In the midst of all of this I had even another idea. (Yes, a dangerous thing.) Wouldn't it be cool if I could incorporate some audio into the cake of Reagan wishing Owen a happy birthday? Oh yeah, that would be awesome! Surely there has to be a way to do that! Some hidden speakers or something. But the bigger problem was getting audio of Reagan's voice saying happy birthday. No way would I find that anywhere. Maybe I knew someone who could do an impersonation and record that. I really didn't have much hope that this would come to fruition, but it was a cool idea anyway.
So one evening, on a whim, I decided to do an internet search. Just to see what was out there. So I googled "Reagan audio saying happy birthday"....... and to my utter amazement, within 5 minutes I found it! An audio file from 1968 of Ronald Reagan wishing a newspaper mogul a happy 90th birthday. I jumped out my chair and howled with excitement! This was just what I needed! I could not believe I found it! It was surely a sign from God. This cake had to be made. I had to press on. I had to make it work!
I did not want the mp3 player just hanging out on the cake board, so I built a little box to cover it out of fondant with tylose added. I made a hole in the cake board, and threaded the speaker wires under the cake board so they could not be seen. I made a small hole in the box right over the "play" button of the mp3 player. I put a large silver dragee into that hole, so when you pressed it, the "play" button was activated, and the audio played. It was too stinkin' cool! I listened to it over and over, and got a huge chuckle each time. (Lordy, I have no life.)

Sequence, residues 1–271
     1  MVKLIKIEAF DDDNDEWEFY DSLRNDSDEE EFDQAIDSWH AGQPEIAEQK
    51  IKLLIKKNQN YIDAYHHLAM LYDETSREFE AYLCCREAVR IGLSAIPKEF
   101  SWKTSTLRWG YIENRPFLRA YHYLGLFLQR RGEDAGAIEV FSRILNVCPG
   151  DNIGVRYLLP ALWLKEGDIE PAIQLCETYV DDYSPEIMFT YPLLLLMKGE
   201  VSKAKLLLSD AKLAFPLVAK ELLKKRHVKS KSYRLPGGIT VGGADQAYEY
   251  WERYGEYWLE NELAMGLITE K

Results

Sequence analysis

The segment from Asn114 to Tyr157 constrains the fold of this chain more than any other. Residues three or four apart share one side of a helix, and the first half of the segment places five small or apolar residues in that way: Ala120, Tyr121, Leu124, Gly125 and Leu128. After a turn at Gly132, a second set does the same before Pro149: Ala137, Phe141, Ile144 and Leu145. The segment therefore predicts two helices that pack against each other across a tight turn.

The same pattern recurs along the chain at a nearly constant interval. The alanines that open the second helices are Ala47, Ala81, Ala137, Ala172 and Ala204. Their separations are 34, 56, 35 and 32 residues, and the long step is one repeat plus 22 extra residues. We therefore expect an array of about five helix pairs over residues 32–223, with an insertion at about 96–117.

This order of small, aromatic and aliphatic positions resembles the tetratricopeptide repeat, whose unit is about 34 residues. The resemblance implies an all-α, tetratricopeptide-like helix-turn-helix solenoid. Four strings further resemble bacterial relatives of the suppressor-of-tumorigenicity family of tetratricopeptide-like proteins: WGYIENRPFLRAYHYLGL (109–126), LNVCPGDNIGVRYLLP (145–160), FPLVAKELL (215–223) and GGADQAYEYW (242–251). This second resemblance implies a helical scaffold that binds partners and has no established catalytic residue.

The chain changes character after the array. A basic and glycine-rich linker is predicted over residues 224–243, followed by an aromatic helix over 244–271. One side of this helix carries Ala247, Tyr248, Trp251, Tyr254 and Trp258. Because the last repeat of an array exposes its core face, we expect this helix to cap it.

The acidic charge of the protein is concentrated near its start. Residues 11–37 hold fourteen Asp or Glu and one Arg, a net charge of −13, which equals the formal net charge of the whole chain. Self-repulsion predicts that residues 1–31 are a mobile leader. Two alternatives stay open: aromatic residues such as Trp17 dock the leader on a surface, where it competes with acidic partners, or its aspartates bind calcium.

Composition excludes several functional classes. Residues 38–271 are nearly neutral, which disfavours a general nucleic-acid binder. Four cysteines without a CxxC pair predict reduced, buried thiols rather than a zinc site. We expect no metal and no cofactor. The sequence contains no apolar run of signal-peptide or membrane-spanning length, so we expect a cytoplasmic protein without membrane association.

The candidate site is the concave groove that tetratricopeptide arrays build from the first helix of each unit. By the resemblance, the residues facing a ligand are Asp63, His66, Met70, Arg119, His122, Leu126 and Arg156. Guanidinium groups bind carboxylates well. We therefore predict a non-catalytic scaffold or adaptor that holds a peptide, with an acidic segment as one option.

The 50 was made from fondant with tylose added, and dried super firm. I made another disc of fondant with a hole cut out the center to let the light shine through from the rotating stand. The 50 was super-glued onto the white disc. The rotating, light up cake topper is made by Wilton, and battery operated. It was perfect for this use!
To support the hat, I used a stress free ring support with long legs. The legs went down into the blue tier (which was a single layer 13 inch round, filled), and extended above the cake to the desired height. Wilton plastic columns slipped right over the stress free legs to give the perfect presidential look to the cake!
Here is the cake set up at the party. Did everything work? Was it a success? Did Owen like it?
You can also view the video here.
So as you can see, much to my amazement and sheer jubilation, it all worked out and Owen loved it! He just went on and on about how incredible it was, and how much he loved it. It was also a huge hit with all the guests at the party. They could not believe it was a real cake. Everyone that knows Owen got a huge laugh out of it, because it was such a funny and appropriate theme for him.
I am tickled pink that my idea came to life, even though it was very nerve wracking! I could not have done it without my incredible brother Mike. The motor and all the electrical stuff was done by him. I felt bad that he got sucked into my black hole of craziness, but he said he enjoyed the project. And I believe him; he lives for this kind stuff!
The cake was fun, the party was fun, working with Mike was fun. I have such a great life. I am truly blessed.
PS. Tomorrow I will post about the saga of trying to get this entry up. I am too traumatized right now. It is now 2:43 AM. I was not going to bed until I go this thing done! :)